After NASDAQ begins operations as a "national securities exchange," there will be an additional layer added to the 1934 Act deregistration process.  The deregistration process for NASDAQ-listed companies will be similar to the deregistration procedures currently required of companies listed on other national securities exchanges.  For example, either the NASDAQ or the issuer must file a Form 25 with the SEC in order to commence the deregistration process.  Note that because all NASDAQ-listed companies previously were registered under Section 12(g) before they were registered under Section 12(b), their Section 12(g) registration automatically would revive despite deregistration under Section 12(b).  Accordingly, NASDAQ-listed companies must also terminate registration under Section 12(g), and potentially their 1934 Act reporting obligation under Section 15(d), by filing a Form 15. 

Blue Sky Issues

Even though NASDAQ will become a national securities exchange, securities listed on The NASDAQ Capital Market will not be considered "covered securities," and thus are subject to state blue sky regulation.  The NASDAQ Stock Market has filed a rulemaking petition with the SEC to designate securities listed on The NASDAQ Capital Market as covered securities, but it is unclear when the SEC will take action on that petition.  Because the North American Securities Administrators Association (i.e., the association of state securities regulators) has stated that it does not oppose the NASDAQ’s rulemaking petition, it appears that the requested rulemaking will not face significant obstacles. 

Corporate Issues

In California and several other states, securities listed on a national securities exchange or on the "NASDAQ National Market" are relieved from certain corporate filing requirements, including specified relief from compliance with appraisal rights procedures.  In order to receive this relief, California and several other states require that the national securities exchange must be designated by the commissioner of corporations or secretary of state.  The Business Law Section of the California State Bar is working with the appropriate California officials to make the transition to the new NASDAQ designations as seamless as possible.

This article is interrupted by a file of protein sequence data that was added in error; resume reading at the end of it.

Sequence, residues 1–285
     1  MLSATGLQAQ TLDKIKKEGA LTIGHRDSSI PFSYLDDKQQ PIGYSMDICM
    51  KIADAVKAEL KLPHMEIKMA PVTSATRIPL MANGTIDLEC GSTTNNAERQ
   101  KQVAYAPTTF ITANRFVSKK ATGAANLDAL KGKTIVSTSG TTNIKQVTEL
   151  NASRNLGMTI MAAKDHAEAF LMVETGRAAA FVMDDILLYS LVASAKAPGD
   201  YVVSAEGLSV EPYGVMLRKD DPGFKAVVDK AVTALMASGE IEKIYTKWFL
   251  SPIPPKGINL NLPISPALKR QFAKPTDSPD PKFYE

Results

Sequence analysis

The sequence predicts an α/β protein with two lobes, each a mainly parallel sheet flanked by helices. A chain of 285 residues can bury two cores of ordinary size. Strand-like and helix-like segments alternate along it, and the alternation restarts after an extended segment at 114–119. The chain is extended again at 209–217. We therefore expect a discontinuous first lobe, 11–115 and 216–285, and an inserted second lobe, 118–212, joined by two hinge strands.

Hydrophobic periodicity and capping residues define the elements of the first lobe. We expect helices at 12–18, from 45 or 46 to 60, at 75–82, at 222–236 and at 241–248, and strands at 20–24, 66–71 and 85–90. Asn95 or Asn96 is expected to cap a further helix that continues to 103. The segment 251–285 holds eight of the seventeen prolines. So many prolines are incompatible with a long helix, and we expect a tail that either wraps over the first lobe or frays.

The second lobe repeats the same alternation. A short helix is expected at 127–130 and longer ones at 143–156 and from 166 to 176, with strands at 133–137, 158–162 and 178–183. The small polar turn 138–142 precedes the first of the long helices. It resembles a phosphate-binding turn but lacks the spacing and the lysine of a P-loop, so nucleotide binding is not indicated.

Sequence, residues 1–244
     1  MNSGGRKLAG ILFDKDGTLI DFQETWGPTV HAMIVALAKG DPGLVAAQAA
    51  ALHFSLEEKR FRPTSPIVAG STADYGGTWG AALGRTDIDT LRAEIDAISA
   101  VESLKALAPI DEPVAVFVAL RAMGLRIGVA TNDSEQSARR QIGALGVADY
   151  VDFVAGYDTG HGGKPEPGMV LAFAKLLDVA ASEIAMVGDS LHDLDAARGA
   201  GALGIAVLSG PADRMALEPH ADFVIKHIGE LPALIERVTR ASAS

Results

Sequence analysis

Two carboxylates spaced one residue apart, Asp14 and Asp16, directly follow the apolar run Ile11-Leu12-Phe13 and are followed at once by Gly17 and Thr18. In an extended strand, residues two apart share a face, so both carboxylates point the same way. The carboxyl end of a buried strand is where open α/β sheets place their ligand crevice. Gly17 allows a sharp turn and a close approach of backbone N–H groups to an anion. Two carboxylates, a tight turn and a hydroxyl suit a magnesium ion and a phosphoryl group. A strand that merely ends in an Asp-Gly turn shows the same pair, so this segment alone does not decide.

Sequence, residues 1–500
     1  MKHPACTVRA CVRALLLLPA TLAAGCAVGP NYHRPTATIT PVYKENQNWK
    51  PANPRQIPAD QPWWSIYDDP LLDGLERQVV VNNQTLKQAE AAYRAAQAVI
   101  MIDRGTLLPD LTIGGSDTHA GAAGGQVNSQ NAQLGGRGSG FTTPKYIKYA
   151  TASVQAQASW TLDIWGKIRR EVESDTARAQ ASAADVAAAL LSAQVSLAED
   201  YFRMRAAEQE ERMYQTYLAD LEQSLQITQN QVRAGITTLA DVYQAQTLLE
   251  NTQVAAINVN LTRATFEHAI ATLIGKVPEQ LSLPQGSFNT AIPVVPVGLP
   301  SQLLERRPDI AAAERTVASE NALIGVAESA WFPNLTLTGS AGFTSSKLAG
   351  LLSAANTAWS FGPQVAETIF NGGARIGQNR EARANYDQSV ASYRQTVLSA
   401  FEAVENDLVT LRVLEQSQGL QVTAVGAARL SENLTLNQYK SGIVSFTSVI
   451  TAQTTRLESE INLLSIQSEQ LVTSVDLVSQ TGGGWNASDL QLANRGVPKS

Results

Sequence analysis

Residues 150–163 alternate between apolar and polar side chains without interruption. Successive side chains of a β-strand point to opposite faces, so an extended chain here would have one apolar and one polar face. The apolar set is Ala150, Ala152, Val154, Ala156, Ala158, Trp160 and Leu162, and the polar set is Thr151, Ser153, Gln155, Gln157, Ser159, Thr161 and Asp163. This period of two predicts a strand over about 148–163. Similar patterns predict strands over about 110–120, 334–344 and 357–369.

2.  NASDAQ National Market Name Change and Bifurcation into Two Tiers

Effective July 1, 2006, the NASDAQ National Market has bifurcated itself into two tiers of market designations - the "NASDAQ Global Market" and the "NASDAQ Global Select Market."  The name change from the "National Market" to the "Global Market" is intended to reflect the global reach of the markets and the issuers listed in the new market classifications.  The continued listing standards for both market classifications will remain the same as before.  However, the initial financial listing standards for inclusion on the NASDAQ Global Select Market are the most stringent of any stock market in the world.  The NASDAQ estimates that approximately one-third of its largest listed companies qualify for listing on the NASDAQ Global Select Market. 

The NASDAQ automatically transferred approximately 1,200 listed companies to the NASDAQ Global Select Market.[1]  Companies that were not eligible to be automatically transferred to the Global Select Market have two options available for a subsequent listing on the Global Select Market when they become eligible for listing.  First, if a NASDAQ-listed company becomes eligible for listing on the Global Select Market, then it may file an application with the NASDAQ and be transferred as soon as the NASDAQ Listing Qualifications Department verifies its eligibility.  Second, starting in October 2007 and each October thereafter, the NASDAQ Listing Qualifications Department will review each company listed on the Global Market to determine if it qualifies for an automatic transfer to the Global Select Market.  In each case, a NASDAQ Global Market company will not have to pay additional entry or application fees to obtain a listing on the NASDAQ Global Select Market.


 
Footnote
 
[1]   A list of companies transferred to the Global Select Market can be found at http://www.nasdaq.com/asp/symbols.asp?exchange=NGS. 
Close

Feedback

Disclaimer

Unsolicited e-mails and information sent to Morrison & Foerster will not be considered confidential, may be disclosed to others pursuant to our Privacy Policy, may not receive a response, and do not create an attorney-client relationship with Morrison & Foerster. If you are not already a client of Morrison & Foerster, do not include any confidential information in this message. Also, please note that our attorneys do not seek to practice law in any jurisdiction in which they are not properly authorized to do so.